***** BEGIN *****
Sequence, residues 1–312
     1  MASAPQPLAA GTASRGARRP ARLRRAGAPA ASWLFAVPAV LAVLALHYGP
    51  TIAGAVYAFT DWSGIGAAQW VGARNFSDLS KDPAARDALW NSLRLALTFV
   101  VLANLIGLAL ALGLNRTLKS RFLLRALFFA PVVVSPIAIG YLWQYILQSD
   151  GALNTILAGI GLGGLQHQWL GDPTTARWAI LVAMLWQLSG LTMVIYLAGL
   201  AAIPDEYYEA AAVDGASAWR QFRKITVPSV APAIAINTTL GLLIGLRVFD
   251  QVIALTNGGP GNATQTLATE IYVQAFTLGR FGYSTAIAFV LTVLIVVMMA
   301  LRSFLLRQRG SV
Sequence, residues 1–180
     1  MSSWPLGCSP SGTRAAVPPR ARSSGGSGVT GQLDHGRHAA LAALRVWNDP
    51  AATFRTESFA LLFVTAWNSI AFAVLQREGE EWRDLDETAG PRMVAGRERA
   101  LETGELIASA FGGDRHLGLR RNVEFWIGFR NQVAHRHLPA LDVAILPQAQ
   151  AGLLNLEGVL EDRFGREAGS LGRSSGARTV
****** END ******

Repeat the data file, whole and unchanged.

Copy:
Sequence, residues 1–312
     1  MASAPQPLAA GTASRGARRP ARLRRAGAPA ASWLFAVPAV LAVLALHYGP
    51  TIAGAVYAFT DWSGIGAAQW VGARNFSDLS KDPAARDALW NSLRLALTFV
   101  VLANLIGLAL ALGLNRTLKS RFLLRALFFA PVVVSPIAIG YLWQYILQSD
   151  GALNTILAGI GLGGLQHQWL GDPTTARWAI LVAMLWQLSG LTMVIYLAGL
   201  AAIPDEYYEA AAVDGASAWR QFRKITVPSV APAIAINTTL GLLIGLRVFD
   251  QVIALTNGGP GNATQTLATE IYVQAFTLGR FGYSTAIAFV LTVLIVVMMA
   301  LRSFLLRQRG SV
Sequence, residues 1–180
     1  MSSWPLGCSP SGTRAAVPPR ARSSGGSGVT GQLDHGRHAA LAALRVWNDP
    51  AATFRTESFA LLFVTAWNSI AFAVLQREGE EWRDLDETAG PRMVAGRERA
   101  LETGELIASA FGGDRHLGLR RNVEFWIGFR NQVAHRHLPA LDVAILPQAQ
   151  AGLLNLEGVL EDRFGREAGS LGRSSGARTV